Although the surgeon is able to predict with a high degree of accuracyby review of the x-ray if a patient is a candidate for PKR, the first step in the actual surgical procedure is to examine the three compartments of the knee directly to verify that cartilage damage is present in only one compartment of the knee. If the damage is more significant than was visible on the preoperative x-ray, the surgeon will perform a total knee replacement instead. He or she will discuss this possibility during the preoperative visit.
The term minimally invasive is often thought to relate to incision size. In the hands of a skilled surgeon, the incision size is approximately half the size of the incision made during total knee replacement. In terms of a partial knee replacement, the descripion of minimally invasive also correlates most closely to:
- Preservation of two of the three compartments in the knee joint
- Preservation of the stabilizing ligaments of the knee
- Anterior cruciate ligament (ACL)
- Posterior cruciate ligament (PCL)
During total knee replacement surgery these ligaments are usually cut or loosened. Keeping these intact helps retain a more normal sensation of movement and range of motion.
If the intraoperative examination supports partially resurfacing the knee:
- The damaged bone is removed and replaced with implants (prostheses) made of plastic and metal
- The ends of the thigh and shin bones are cut and reshaped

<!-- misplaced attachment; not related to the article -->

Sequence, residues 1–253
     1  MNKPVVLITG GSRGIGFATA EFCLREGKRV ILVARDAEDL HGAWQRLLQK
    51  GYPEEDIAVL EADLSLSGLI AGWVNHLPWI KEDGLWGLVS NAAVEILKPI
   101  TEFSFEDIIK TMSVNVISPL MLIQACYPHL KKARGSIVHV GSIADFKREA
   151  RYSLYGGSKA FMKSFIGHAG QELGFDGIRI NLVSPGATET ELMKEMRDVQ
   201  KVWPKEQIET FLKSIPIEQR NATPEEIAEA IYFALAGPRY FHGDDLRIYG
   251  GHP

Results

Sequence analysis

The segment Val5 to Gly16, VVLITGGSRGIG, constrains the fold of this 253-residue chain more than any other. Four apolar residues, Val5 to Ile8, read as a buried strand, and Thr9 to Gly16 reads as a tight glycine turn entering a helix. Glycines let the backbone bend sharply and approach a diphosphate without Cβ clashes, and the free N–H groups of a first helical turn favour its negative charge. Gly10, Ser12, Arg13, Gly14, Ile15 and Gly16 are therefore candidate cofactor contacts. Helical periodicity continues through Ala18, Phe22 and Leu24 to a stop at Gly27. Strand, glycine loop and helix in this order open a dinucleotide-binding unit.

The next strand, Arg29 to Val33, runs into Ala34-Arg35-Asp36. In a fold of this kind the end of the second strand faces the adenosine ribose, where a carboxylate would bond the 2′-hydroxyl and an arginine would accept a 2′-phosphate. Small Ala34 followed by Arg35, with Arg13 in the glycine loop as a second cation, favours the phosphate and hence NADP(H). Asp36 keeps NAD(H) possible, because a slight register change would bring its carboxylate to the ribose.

- The metal implants are secured in place with a fixative substance called bone cement
- A plastic insert is placed between the two metal components to enable the surfaces to freely glide
Advantages of PKR
- Quicker recovery and return to normal activities of daily living
- Smaller incision
- No disruption of the knee cap
- Less pain
- Improved range of motion
- Little to no blood loss
- Reports of a more natural feel in the knee
Disadvantages of PKR
- Potential for additional surgery in the future (if other compartments become damaged by osteoarthritis)
As possible with any surgical procedure, complications can rarely develop:
- Blood clots
- Nerve injury
- Persistent pain
- Implant failure
Most patients can resume normal activities after partial knee replacement when they have regained adequate strength and flexibility. Most exercise and activity are acceptable after surgery including walking, swimming, biking, gardening. Activities that result in repetitive joint trauma such as running, jumping, or twisting should be avoided.
Partial knee replacement can achieve excellent results when performed on the appropriate population of patients. This procedure may be an option for patients who are experiencing significant lifestyle limitations as the result of osteoarthritis isolated to one part of the knee.
If you believe that you may be a candidate for PKR talk to your doctor to determine what treatment is best for you. Since this procedure is technically more challenging and surgeon experience is a key driver of positive surgical outcomes, don’t be hesitant to discuss with your surgeon his or her experience with this procedure.
Berger RA, Meneghini RM, Jacobs JJ, et al. Results of unicompartmental knee arthroplasty at a minimum of ten years of follow-up. Journal Bone Joint Surgery Am. 2005; 87(5): 999-1006.